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The first all-German final lined up all-conquering Bayern against Dortmund at Wembley; could Jupp Heynckes’ side end a run of two UEFA Champions League deciders without a win?Watch in full
A winner with Real Madrid in 1998, Jupp Heynckes was attempting to become only the fourth man to coach two sides to European Cup success, but the 68-year-old needed to break a run of bad luck – Bayern lost the 2010 final to Inter Milan and were then beaten on penalties by Chelsea in the 2012 decider in Munich. Dortmund had ended the 2012/13 season 25 points adrift of Bayern in the Bundesliga, but Jürgen Klopp’s team were not despairing: "People have climbed Mount Everest aware they might have to turn back ten metres from the top," the 45-year-old said. "They try anyway and so will we."
Franck Ribéry: A league-best 15 assists in Bayern’s superlative Bundesliga season gave some measure of the Frenchman’s value. He completed a third domestic double with Bayern in 2012/13 – could he make it a treble?
Arjen Robben: The Dutch winger missed a penalty in extra time in the 2012 final against Chelsea, with his side going on to lose on spot kicks. More than anyone, he had a point to prove in London.
Robert Lewandowski: The Polish striker would end his third Dortmund campaign with 36 goals in all competitions, including a UEFA Champions League semi-final record four in one game against Real Madrid.
Bayern started with four players – Robben, captain Philipp Lahm, Bastian Schweinsteiger and Thomas Müller – who had endured the final defeats of 2010 and 2012, but it took a player in his first term in Munich, Mario Mandžukić, to supply the 60th-minute breakthrough after both sides had missed a series of chances.
İlkay Gündoğan's penalty swiftly levelled matters – the first goal Bayern had conceded in the competition in 432 minutes – and yet it was Bayern who looked more likely to snatch a late winner. So it proved in the 89th minute. Ribéry controlled a high ball into the box and flicked it into Robben's path; the No10 evaded two defenders and pushed a shot past Roman Weidenfeller.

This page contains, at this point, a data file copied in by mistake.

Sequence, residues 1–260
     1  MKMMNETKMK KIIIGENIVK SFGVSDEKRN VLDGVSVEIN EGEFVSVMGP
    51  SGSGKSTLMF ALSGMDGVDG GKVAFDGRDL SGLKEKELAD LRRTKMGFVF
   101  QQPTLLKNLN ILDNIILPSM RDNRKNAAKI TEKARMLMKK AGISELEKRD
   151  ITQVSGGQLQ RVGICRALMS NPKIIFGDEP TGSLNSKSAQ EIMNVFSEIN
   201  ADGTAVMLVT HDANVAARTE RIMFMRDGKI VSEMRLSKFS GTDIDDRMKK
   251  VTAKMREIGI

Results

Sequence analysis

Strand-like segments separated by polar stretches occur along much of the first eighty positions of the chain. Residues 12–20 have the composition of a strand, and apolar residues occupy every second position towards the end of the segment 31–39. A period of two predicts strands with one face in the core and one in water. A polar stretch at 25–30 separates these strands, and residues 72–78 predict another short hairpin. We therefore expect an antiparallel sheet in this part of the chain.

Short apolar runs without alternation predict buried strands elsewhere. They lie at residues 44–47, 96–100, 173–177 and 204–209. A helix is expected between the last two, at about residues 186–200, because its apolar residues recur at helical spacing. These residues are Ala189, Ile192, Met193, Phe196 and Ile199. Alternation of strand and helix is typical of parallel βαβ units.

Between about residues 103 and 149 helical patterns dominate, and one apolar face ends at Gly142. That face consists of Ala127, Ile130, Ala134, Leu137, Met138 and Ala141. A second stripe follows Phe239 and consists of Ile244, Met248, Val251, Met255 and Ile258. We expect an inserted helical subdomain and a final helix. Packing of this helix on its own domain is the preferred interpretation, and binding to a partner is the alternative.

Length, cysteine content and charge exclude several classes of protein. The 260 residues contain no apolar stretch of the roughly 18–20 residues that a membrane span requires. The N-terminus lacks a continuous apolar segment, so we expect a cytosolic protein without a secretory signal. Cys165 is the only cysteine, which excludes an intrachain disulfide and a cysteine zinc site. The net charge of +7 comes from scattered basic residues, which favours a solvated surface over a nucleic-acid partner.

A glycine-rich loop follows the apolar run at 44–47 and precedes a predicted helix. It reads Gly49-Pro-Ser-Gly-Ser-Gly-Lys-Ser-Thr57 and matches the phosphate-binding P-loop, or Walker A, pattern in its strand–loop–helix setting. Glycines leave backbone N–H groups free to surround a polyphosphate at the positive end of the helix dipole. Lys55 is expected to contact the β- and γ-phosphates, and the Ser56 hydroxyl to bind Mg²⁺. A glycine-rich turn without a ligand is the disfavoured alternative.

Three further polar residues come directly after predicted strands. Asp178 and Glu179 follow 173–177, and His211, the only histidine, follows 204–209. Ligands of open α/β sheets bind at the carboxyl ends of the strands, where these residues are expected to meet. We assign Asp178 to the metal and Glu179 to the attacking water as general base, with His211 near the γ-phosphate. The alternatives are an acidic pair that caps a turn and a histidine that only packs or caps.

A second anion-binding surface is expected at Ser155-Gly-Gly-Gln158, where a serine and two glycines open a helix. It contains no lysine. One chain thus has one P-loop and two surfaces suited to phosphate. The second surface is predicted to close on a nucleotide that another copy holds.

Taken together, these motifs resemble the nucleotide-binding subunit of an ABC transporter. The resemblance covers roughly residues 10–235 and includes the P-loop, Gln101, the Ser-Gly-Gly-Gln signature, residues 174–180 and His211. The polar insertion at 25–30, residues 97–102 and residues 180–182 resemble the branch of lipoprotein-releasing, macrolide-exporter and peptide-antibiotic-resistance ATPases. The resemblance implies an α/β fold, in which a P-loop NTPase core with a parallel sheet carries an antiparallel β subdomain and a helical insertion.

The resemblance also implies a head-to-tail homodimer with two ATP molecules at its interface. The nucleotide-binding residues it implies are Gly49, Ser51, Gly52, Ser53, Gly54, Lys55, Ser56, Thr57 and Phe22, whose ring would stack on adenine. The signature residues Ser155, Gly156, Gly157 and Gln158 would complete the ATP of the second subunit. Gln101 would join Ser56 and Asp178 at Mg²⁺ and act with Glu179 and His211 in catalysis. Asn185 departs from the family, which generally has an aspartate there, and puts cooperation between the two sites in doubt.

Arjen Robben, Bayern forward: "For a footballer, this is the peak – the greatest you can achieve. The whistle from the referee and you know you're the Champions League winner – for a lot of us at Bayern, that's the only thing missing from our lives. After the disappointment of last year, and to a [lesser extent] 2010, and the World Cup for me – that's three finals and you don't want the stamp of a loser."
Franck Ribéry, Bayern winger: "I went back to my room at six in the morning. I took the trophy with me. I slept with it next to me and my wife."
Jürgen Klopp, Dortmund coach: "I need a moment to feel proud again but I'm sure it's slumbering within me – I am proud of my team, but at the moment it's the disappointment that prevails. That's normal. When you strive for something and don't get it, it hurts. The team gave all they had; they were so passionate about it – they really deserved to equalise."
Bayern's fans had unfurled a pre-match banner bearing the legend 'Und heute ist wieder ein guter tag' (And yet again it's a good day) – and given they picked up the trophy for a fifth time, it finally was. They have not appeared in a UEFA Champions League final since, though, even after luring Dortmund’s star man Lewandowski to Bavaria in 2014.
When his Liverpool side lost to Real Madrid in the 2018 UEFA Champions League showpiece, Klopp may have understood how Bayern felt back in 2012. However, his second runners-up medal remains his last (to date); like Bayern in 2013, he made it third time lucky, lifting the trophy with Liverpool in 2019.